The Simple Reason Why Paper Sizes Have These Exact Dimensions

Take the most common paper size out there: A4. The dimensions of an A4 paper are exactly 8.25″ x 11.67″ (21cm x 29.7cm). I don’t know about you, but i’ve always found that to be very weird.

I mean, why 11.67″ (29.7cm)? Why not just round up everything and make it either 12″ (30.48cm) or 11.81″ (30cm). Wouldn’t that make more sense?

Well, that’s what i thought, but when i started reading about the origin of the paper sizes, it all made sense. Here’s why. (the article continues after the ad)


The most popular paper sizes are the ISO A-series which are based on the metric system. This standard was set in 1975 and it was actually based on a standard paper size that was used in Germany since 1922. So, why these indeed weird dimensions on the A0, A1, A2, A3, A4, A5, A6, A7 and A8 papers?

Well, the thing about the A-series is the fact that each paper size is exactly half the size of the previous paper: for example, if you take an A3 sheet and fold it in half you’ll have exactly two A4 papers. One A4 paper will make two A5’s and so on and so forth:

Photo: Creative Commons

Why is that important? Well, because it makes scaling from one size to another extremely easy as the aspect ratio is not compromised. So everything is based on the largest in the range: A0. And it’s here where everything finally start to make sense.

You see, A0 paper size is exactly 1sq.m in size (don’t forget that this is based on the metric system) with a dimension ratio of 1:1.41. This means that A0 is 84.1cm x 118.9cm (33.1″ × 46.8″). Why that specific ratio and not just 1m x 1m dimensions? Well, because, again, this is the most cost-effective way when you want to produce new sizes from a piece of a larger paper sheets. If you take an A0 paper size and fold it 4 times in half, you’ll end up with an A4 size which is exactly 8.25″ x 11.67″ (21cm x 29.7cm). And this is why we don’t have nicely rounded metric lengths: the 1:1 to √2 ratio does not permit it. This “magic aspect ratio number” (1:1 to √2), was first suggested by Lichtenberg Gesellschaft back in 1786.


Of course, if you are from the US, Canada and Mexico you may not be so familiar with A-series papers, but with letter paper. At 8.5″ x 11″ (21.6cm x 27.9cm), a letter page is similar to A4 but slightly wider and shorter. Although in use since the 1920s, it became the official standard paper size for the US government in the 1980s.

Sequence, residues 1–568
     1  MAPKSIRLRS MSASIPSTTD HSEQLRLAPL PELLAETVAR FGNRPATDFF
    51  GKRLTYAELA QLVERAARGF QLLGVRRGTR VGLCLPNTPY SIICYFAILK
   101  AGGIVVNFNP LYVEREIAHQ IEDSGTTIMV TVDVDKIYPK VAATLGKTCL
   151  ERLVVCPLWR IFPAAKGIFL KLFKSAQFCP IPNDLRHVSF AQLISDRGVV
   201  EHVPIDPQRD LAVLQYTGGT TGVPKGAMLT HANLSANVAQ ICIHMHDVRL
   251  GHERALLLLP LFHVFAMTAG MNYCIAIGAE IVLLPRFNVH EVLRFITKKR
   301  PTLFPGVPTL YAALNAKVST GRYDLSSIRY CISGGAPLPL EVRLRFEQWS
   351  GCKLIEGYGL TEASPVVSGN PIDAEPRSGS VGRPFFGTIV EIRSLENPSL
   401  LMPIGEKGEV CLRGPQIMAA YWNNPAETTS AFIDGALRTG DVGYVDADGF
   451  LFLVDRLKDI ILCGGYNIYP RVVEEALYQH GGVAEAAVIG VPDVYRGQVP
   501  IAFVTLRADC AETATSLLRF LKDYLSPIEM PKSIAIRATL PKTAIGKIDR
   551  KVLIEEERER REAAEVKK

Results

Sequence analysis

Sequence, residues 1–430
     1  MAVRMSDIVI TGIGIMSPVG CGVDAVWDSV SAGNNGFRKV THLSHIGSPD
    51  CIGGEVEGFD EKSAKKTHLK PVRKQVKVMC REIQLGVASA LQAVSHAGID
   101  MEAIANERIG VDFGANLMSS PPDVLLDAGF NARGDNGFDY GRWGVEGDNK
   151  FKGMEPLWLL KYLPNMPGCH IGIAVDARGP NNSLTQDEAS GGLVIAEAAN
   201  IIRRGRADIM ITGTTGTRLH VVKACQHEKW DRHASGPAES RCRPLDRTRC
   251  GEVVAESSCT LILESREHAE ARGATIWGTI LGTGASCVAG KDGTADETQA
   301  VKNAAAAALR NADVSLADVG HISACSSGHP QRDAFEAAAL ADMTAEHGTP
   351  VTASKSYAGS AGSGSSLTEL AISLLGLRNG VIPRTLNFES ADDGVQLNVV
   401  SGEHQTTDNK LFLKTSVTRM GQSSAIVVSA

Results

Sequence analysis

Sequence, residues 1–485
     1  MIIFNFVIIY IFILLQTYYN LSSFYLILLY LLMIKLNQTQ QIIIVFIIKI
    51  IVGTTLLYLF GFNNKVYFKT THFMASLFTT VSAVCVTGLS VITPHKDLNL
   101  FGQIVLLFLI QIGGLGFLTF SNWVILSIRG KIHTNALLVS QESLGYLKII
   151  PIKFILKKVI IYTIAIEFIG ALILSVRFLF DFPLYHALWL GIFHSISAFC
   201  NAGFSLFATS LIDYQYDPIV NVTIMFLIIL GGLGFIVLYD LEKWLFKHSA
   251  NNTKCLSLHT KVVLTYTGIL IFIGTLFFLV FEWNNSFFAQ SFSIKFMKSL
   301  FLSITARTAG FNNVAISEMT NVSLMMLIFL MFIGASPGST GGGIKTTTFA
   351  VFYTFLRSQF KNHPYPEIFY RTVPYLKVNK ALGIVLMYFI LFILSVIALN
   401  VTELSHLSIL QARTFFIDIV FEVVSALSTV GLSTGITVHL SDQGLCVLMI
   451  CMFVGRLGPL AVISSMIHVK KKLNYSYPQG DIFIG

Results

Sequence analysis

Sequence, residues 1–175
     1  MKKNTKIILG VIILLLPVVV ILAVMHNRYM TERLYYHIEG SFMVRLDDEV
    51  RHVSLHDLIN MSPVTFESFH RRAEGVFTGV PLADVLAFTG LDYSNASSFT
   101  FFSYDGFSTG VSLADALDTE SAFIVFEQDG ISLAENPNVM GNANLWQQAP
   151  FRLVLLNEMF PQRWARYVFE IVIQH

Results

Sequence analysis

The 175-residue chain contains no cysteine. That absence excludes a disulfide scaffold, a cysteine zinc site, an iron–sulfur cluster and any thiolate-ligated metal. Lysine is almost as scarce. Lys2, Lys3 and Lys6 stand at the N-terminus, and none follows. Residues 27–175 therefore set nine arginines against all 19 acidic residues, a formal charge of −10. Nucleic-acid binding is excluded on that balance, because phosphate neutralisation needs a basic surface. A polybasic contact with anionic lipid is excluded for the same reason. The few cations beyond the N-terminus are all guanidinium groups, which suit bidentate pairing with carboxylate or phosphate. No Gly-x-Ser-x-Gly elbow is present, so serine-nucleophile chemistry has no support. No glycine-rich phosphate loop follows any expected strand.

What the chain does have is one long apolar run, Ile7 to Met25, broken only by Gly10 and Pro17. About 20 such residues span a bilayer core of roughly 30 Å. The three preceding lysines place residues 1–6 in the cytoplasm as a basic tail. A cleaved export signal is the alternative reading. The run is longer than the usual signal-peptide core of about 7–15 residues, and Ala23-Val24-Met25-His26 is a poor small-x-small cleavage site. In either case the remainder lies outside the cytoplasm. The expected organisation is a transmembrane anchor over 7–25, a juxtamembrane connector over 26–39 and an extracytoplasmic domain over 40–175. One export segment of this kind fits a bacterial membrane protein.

In this popular range, the largest piece of paper is 4 times bigger than Letter (17″ x 22″). It’s specific size is actually a legacy from a few hundred years ago when manufacturers were making paper by hand and therefore, had to face the limitation of achieving something “an average arm” length. This paper was then halved and quartered to make Tabloid and Letter sizes.

Of course, unlike the A-series, this heritage does not have a “magic” aspect ratio that allows for smaller pages to have the exact same proportion. This is why, as global business and globalization are on the rise, more and more people in North America are now switching to the A-series because, to be honest, it actually makes more sense.

And now you know why paper sizes are the way they are.

If you like what you read, then you will definitely love this one: Why Do Paper Cuts Hurt Worse Than Regular Cuts? 

Photo:  I’m A Useless Info Junkie
Photoshop: I’m A Useless Info Junkie
Sources: International standard paper sizes  | A history of A4 and Letter paper sizes | Lichtenberg’s letter to Johann Beckmann

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